The Standard Penetration Test (SPT) is an in-situ dynamic penetration test designed to provide information on the geotechnical properties of soils. In the UK the test is carried out using a standard procedure which is described in the British Standard BS 1377-9:1990. The test uses a thick-walled sample tube, with an outside diameter of 50 mm and an inside diameter of 35 mm, and a length of at least 45 cm. This is driven into the ground at the bottom of a borehole by blows from a slide hammer with a weight of 63.5 kg falling through a distance of 75 cm. The blow count is the number of blows required to drive the sampler 30 cm after it has already been advanced 15 cm, except in cases where 50 blows are insufficient to advance it through a 15cm interval. The blow count provides an indication of the density of the ground, and is used in many empirical geotechnical engineering formulae.
The main purpose of the test is to provide an indication of the relative density of granular deposits, such as sands and gravels from which it is virtually impossible to obtain undisturbed samples. The great merit of the test, and the main reason for its widespread use is that it is simple and inexpensive. The soil strength parameters which can be inferred are approximate, but may give a useful guide in ground conditions where it may not be possible to obtain borehole samples of adequate quality, e.g. gravels, sands, silts, clay containing sand or gravel and weak rock. In conditions where the quality of the ªundisturbedº sample is suspect, e.g. very silty or very sandy clays, or hard clays, it is often advantageous to alternate the sampling with standard penetration tests to check the strength. If the samples are found to be unacceptably disturbed, it may be necessary to use a different method for measuring strength, e.g. the plate test. When the test is carried out in granular soils below groundwater level, the soil may become loosened. In certain circumstances, it can be useful to continue driving the sampler beyond the distance specified, adding further drilling rods as necessary. Although this is not a standard penetration test, and should not be regarded as such, it may at least give an indication as to whether the deposit is really as loose as the standard test may indicate.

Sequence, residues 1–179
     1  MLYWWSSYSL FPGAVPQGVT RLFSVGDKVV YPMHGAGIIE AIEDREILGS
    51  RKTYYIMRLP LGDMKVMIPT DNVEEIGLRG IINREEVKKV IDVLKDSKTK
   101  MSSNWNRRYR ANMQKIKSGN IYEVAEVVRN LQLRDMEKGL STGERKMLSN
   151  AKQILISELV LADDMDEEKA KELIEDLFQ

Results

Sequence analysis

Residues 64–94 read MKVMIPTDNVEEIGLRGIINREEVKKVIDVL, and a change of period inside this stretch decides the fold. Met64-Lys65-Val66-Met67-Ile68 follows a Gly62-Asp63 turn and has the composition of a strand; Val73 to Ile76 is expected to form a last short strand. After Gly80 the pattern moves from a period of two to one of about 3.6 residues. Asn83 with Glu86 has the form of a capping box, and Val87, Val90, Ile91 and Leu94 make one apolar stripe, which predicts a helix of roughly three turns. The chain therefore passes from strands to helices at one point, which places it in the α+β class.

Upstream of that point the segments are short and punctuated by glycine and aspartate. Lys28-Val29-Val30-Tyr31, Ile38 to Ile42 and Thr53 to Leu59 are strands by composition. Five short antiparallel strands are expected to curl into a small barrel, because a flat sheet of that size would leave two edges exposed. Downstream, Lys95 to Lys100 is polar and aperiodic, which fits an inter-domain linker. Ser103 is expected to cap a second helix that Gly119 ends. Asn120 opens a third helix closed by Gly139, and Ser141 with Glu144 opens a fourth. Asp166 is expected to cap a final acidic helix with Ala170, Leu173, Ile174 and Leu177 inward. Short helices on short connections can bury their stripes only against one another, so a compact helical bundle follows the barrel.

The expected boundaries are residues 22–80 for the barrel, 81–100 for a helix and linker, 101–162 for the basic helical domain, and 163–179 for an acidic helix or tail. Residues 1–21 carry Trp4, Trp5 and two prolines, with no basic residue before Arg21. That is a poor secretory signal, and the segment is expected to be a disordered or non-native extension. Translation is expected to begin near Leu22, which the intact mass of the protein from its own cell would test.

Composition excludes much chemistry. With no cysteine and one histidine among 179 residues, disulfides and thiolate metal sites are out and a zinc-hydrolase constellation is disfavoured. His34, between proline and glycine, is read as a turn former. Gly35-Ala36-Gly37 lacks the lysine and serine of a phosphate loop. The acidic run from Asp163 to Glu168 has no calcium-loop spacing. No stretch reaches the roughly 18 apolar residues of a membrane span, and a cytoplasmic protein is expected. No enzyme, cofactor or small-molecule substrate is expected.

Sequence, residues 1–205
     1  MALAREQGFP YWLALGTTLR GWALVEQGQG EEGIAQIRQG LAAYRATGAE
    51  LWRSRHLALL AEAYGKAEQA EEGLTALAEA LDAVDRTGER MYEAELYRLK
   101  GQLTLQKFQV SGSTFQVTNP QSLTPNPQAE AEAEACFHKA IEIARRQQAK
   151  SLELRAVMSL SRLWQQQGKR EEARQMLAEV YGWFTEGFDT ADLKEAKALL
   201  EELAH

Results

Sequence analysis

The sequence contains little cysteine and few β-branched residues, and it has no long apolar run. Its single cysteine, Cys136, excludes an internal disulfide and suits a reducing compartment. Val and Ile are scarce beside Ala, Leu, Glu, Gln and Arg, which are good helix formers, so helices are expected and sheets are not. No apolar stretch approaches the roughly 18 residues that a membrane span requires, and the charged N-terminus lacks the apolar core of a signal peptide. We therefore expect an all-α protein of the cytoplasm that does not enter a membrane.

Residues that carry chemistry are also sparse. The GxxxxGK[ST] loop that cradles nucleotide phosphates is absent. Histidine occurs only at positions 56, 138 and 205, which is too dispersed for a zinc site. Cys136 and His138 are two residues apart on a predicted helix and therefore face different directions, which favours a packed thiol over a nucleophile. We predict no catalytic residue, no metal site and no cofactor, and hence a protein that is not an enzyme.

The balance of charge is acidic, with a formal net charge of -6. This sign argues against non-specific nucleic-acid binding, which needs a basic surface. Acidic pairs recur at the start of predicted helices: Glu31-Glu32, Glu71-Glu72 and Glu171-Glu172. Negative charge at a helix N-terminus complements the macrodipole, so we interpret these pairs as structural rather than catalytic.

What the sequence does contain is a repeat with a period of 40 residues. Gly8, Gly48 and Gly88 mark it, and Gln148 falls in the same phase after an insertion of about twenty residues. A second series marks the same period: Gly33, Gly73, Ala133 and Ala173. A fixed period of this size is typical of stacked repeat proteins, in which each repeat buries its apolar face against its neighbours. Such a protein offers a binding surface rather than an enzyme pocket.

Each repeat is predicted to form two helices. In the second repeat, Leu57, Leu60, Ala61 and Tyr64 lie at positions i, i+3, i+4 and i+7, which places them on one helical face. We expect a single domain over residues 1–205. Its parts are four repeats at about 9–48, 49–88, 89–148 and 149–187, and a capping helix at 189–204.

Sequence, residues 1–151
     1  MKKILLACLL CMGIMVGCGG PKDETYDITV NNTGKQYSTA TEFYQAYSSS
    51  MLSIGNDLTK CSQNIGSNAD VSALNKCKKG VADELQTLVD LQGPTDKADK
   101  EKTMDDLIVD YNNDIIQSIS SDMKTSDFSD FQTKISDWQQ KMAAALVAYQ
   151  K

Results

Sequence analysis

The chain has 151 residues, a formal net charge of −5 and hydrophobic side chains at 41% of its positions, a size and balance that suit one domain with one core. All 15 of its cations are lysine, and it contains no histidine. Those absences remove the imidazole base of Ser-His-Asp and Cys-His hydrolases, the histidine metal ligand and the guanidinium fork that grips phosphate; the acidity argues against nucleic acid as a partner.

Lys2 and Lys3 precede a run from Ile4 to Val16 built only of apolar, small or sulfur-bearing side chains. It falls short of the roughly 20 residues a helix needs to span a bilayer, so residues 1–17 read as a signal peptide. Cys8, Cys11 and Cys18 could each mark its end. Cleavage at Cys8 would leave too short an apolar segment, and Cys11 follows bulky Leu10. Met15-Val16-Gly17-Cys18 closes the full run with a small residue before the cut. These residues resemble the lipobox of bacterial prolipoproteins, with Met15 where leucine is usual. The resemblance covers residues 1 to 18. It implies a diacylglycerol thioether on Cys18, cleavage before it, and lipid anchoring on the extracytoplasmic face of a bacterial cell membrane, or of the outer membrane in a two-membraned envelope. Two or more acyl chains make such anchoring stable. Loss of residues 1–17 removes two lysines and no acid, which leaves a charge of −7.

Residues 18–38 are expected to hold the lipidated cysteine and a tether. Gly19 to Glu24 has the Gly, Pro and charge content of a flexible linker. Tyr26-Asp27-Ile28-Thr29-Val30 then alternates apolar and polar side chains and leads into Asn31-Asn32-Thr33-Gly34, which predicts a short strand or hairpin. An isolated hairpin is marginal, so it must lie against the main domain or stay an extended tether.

The usefulness of the Standard Penetration Test results depends on the soil type, with fine-grained sands giving the most useful results, with coarser sands and silty sands giving reasonably useful results, and clays and gravelly soils yielding results which may be very poorly representative of the true soil conditions.